Janice Ka-Wa Cheung was born in Hong Kong and has begun her studies of media art at City University of Hong Kong since 2011. Janice has finished her MPhil research of the visual culture and the embodiment of eye in interactive installations to explore self-revealing interaction of the spectators. Her master studies have resulted in several conference presentations and conference publication. Janice now is a Ph.D. student in Humanities (Interdisciplinary Studies) at Concordia University. Under the supervision of Dr. David Jhave Johnston, Janice continues to pursue in research-creation with an interest in the notion of self in media art. Janice is eager to examine the embodies self-exploration and self-presentation behavior of artists, and question how artists and spectators use art to construct own self(identity).
2 months: June, July 2019
I Mahjong You (2019)
Installation, Colorless Mahjong on Acrylic, 44 cm x 42 cm
If the ways of linguistic communication of human are language and sign, and the ways of communication through music are note and frequency, then the ways of communication through an installation could be its presentation (visual or/and audio). The medium(s), the object(s) and the arrangement, form meanings and stories.
Choosing the Mahjong tiles as the object in this art piece based on only its rich cultural ties to Hong Kong, a familiar object that I believe every Hong Kong person knows, this work aims to remove any implication of anything personal, social nor cultural. Masking the Mahjong tiles by erasing all its color is asking how an object’s representation tells its stories and what the contribution of an artist does in an (art)work.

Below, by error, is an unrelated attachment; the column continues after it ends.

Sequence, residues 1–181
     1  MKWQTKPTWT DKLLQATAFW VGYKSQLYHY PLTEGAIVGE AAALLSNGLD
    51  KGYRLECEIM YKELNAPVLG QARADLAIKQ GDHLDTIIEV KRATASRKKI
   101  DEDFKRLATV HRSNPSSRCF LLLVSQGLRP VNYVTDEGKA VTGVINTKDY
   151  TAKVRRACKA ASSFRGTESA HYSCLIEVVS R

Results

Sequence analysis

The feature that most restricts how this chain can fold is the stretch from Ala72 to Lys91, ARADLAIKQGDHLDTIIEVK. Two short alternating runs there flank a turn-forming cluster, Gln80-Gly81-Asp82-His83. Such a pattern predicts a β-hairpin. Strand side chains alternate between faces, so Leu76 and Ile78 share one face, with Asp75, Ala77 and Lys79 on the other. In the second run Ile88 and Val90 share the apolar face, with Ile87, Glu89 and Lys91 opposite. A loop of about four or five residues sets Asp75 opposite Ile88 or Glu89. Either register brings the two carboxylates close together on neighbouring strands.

You ≠ I (2019)
This artwork questions self-image. A pool of water, a polished metal like copper or bronze, a piece of glass with mercury amalgam, or a camera with a screen are the ways we use to see ourselves through the ages. Yet, did we ever stop and think about this practice, the habit of seeing the self images?
Two mirrors are set in this installation. An aged mirror with taupe marks and scratches recalls a perpetual narcissism. Another “mirror” is outfitted with a hidden mini-computer, camera and screen, which creates an interactive experience to see one’s “authentic” image. However, the closer the viewer comes to this mirror, the more transparent their reflection becomes, reminding us that we cannot see our own face and questioning our visual perceptions.
The digital manifestation of self displayed in the mirror urges the viewer to rethink our primary desire to see a perfect self-image, to contemplate the prevalence of and behaviour around selfies – the “perfect” images: we retouch, we edit and we shuffle the images in social media platforms.
What do you wanna see?